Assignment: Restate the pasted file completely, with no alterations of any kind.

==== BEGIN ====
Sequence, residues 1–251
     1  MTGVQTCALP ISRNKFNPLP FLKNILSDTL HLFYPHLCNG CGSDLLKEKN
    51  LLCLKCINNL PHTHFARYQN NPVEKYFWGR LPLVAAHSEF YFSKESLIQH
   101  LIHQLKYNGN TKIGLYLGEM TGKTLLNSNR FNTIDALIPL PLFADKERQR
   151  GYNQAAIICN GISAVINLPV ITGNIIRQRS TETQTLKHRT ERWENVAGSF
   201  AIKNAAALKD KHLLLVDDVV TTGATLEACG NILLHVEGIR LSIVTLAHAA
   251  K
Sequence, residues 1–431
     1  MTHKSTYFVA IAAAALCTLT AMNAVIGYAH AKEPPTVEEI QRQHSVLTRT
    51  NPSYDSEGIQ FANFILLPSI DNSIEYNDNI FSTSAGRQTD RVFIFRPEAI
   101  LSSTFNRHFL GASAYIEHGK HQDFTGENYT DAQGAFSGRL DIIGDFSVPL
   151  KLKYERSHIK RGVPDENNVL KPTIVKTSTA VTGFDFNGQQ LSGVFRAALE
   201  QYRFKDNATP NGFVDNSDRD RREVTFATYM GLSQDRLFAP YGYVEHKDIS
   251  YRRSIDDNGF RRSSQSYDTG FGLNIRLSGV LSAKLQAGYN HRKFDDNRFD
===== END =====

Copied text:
Sequence, residues 1–251
     1  MTGVQTCALP ISRNKFNPLP FLKNILSDTL HLFYPHLCNG CGSDLLKEKN
    51  LLCLKCINNL PHTHFARYQN NPVEKYFWGR LPLVAAHSEF YFSKESLIQH
   101  LIHQLKYNGN TKIGLYLGEM TGKTLLNSNR FNTIDALIPL PLFADKERQR
   151  GYNQAAIICN GISAVINLPV ITGNIIRQRS TETQTLKHRT ERWENVAGSF
   201  AIKNAAALKD KHLLLVDDVV TTGATLEACG NILLHVEGIR LSIVTLAHAA
   251  K
Sequence, residues 1–431
     1  MTHKSTYFVA IAAAALCTLT AMNAVIGYAH AKEPPTVEEI QRQHSVLTRT
    51  NPSYDSEGIQ FANFILLPSI DNSIEYNDNI FSTSAGRQTD RVFIFRPEAI
   101  LSSTFNRHFL GASAYIEHGK HQDFTGENYT DAQGAFSGRL DIIGDFSVPL
   151  KLKYERSHIK RGVPDENNVL KPTIVKTSTA VTGFDFNGQQ LSGVFRAALE
   201  QYRFKDNATP NGFVDNSDRD RREVTFATYM GLSQDRLFAP YGYVEHKDIS
   251  YRRSIDDNGF RRSSQSYDTG FGLNIRLSGV LSAKLQAGYN HRKFDDNRFD